Sunday, March 18, 2012

Can a DC playoff run put Davey Johnson in the Hall of Fame?

There's some real excitement about the youth in Washington.
Bryce Harper is super cocky and talking like he belongs in the same conversation with Albert Pujols (even though he is currently tied with ME in all MLB statistical categories.)
Stephen Strasburg could be heading a rotation with Gio Gonzalez and Jordan Zimmermann.

Ryan Zimmerman is the veteran leader of the team and he's only 27.

If the Phillies age catches up with them, the Braves don't improve, the Marlins implode and the Mets continue being the Mets... the Nationals could become winners sooner rather than later.

And who can benefit the most with this wave of youth and hope?
69 year old Davey Johnson.

If he leads the Nationals to the playoffs, he might have a decent argument for the Hall of Fame.

As of this writing, he is 38th all time in wins for a manager. A .500 season would put him ahead of Billy Martin and just behind Whitey Herzog.

He took over the Mets in 1984 and led them to their first winning season since 1976. Yeah he benefited from the arrival of Dwight Gooden. But it was JOHNSON'S idea to bring him right up from A Ball before he turned 20.

He was the first National League manager to win 90 games in his first five seasons.

OK, he only won World Series title with all of that talent. But Johnson's mentor, Earl Weaver, only won one World Series with all of HIS talent! And he's in the Hall of Fame.

Whitey Herzog only has one World Series title.
Same with Leo Durocher.

He turned the Reds around and brought them to the 1995 NLCS. (The Reds were in first place when the strike ended the 1994 season.)

He was dumped by Marge Schott because he wasn't married and living with his girlfriend. (Interesting morality, Marge. Living unmarried? Bad. Hoarding Nazi memorabilia and defending Hitler? Not so bad.)

He went to Baltimore and led them to their only playoff appearances in Camden Yards.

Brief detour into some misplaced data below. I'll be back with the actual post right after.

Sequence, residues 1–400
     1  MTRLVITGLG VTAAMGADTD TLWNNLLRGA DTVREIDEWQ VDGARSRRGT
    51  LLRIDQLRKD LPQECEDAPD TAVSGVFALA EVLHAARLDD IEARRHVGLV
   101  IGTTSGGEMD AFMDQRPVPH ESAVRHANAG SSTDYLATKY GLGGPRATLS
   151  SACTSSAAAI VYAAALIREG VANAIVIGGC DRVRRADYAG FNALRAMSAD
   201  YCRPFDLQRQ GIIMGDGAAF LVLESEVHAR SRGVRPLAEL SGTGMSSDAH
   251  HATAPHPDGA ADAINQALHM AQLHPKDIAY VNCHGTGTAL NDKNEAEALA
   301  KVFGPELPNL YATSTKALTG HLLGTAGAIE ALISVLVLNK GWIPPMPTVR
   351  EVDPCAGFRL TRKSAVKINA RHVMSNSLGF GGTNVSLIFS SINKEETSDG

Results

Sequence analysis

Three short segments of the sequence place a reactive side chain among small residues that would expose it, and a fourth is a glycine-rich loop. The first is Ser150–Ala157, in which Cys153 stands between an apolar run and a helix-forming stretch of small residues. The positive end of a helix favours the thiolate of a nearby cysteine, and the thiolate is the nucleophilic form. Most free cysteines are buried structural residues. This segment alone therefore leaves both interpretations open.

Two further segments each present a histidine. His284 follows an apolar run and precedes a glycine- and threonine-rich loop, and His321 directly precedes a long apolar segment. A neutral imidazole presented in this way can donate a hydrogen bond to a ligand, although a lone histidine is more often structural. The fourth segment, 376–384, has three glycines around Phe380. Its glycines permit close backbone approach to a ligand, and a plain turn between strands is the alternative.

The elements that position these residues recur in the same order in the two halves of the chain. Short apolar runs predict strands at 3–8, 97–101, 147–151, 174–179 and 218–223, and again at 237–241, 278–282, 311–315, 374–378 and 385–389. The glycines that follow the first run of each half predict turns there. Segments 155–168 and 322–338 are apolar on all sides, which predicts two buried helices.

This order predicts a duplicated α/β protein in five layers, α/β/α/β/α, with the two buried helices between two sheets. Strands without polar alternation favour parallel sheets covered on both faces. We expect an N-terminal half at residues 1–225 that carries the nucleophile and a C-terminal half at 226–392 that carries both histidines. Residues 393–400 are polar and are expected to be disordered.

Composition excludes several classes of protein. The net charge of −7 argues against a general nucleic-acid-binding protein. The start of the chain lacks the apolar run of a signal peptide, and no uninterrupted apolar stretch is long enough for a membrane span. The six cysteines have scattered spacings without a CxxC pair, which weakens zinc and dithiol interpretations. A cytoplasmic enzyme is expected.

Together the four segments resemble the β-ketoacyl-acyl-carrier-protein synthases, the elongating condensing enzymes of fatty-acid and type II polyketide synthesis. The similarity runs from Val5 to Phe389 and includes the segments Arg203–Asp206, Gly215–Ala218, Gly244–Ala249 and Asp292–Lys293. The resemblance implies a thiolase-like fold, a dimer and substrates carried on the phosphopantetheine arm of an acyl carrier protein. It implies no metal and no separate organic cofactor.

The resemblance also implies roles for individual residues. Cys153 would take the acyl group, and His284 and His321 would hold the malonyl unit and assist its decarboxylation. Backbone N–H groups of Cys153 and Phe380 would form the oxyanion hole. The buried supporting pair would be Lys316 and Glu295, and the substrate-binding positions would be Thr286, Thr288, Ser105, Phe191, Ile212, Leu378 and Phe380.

He had three straight seasons in the League Championship Series.

He butted heads with Schott and Peter Angelos who let Johnson walk even after winning the 1997 manager of the year. (The Orioles haven't contended since.)

His two seasons in Los Angeles were not memorable, but he was stragely out of managing in the bigs for a decade.

And here he is now, being handed a potential franchise pitcher and player like he had with Gooden and Strawberry with the Mets.

And only 9 managers with 10 or more seasons have a better winning percentage than Johnson.
He already turned 3 franchises around from losers to playoff teams.
And he has a ring.

If he brings October baseball to the Nation's capitol for first time since 1933, then a Cooperstown berth should at least be discussed.

I suggested that Terry Francona should manage the team. But Davey Johnson is in town and has his eyes focused on the playoffs.

Who knows?
It could be his ticket to immortality.

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1 comment:

  1. that is a very intriguing question that you raised in this post and I have to think it through to give you my final opinion, I will ponder and then come back to leave you a much better comment, take care!